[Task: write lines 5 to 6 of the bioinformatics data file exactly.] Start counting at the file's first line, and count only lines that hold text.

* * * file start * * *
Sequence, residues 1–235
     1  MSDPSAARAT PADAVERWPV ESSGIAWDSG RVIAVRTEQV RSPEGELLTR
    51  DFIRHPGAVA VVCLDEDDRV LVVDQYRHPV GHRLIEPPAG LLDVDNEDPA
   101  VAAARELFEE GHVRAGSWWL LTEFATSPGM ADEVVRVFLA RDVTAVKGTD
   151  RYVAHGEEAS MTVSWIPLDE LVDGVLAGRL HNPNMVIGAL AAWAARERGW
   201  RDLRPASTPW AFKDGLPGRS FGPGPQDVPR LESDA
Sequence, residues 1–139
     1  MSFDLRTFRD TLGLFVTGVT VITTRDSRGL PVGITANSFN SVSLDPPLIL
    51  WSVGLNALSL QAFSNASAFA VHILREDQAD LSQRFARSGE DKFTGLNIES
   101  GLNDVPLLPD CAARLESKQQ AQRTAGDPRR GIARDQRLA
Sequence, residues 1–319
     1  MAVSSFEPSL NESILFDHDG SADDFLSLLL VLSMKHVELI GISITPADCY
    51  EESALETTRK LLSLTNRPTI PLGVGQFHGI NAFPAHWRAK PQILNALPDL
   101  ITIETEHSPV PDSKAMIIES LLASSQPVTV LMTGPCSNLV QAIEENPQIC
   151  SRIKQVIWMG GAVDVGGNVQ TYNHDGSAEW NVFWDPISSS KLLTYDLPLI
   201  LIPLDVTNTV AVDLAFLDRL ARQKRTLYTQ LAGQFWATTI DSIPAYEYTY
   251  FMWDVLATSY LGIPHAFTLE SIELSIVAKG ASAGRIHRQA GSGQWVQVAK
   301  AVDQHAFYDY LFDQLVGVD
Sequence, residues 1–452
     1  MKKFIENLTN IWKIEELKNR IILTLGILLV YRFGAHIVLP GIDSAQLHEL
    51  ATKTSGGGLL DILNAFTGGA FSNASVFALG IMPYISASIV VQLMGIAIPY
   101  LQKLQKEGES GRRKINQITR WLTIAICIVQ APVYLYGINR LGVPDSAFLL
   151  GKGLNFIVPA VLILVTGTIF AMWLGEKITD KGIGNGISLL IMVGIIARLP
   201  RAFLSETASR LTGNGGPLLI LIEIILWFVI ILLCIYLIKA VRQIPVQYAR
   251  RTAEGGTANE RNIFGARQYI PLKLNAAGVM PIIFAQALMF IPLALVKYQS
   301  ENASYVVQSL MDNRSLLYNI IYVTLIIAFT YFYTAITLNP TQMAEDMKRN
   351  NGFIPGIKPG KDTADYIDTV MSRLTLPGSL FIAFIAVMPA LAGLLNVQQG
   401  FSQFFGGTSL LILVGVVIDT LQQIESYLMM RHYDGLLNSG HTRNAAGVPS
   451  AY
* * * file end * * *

   151  RYVAHGEEAS MTVSWIPLDE LVDGVLAGRL HNPNMVIGAL AAWAARERGW
   201  RDLRPASTPW AFKDGLPGRS FGPGPQDVPR LESDA